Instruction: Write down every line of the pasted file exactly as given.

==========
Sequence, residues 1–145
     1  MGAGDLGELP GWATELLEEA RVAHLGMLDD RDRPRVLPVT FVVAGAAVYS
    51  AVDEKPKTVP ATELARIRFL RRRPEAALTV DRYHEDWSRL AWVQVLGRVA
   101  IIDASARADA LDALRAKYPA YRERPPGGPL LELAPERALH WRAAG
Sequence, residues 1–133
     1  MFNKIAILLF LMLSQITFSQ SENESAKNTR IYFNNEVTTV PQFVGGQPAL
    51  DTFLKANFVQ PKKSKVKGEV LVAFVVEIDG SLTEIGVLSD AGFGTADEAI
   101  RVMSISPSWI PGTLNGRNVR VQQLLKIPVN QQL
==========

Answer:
Sequence, residues 1–145
     1  MGAGDLGELP GWATELLEEA RVAHLGMLDD RDRPRVLPVT FVVAGAAVYS
    51  AVDEKPKTVP ATELARIRFL RRRPEAALTV DRYHEDWSRL AWVQVLGRVA
   101  IIDASARADA LDALRAKYPA YRERPPGGPL LELAPERALH WRAAG
Sequence, residues 1–133
     1  MFNKIAILLF LMLSQITFSQ SENESAKNTR IYFNNEVTTV PQFVGGQPAL
    51  DTFLKANFVQ PKKSKVKGEV LVAFVVEIDG SLTEIGVLSD AGFGTADEAI
   101  RVMSISPSWI PGTLNGRNVR VQQLLKIPVN QQL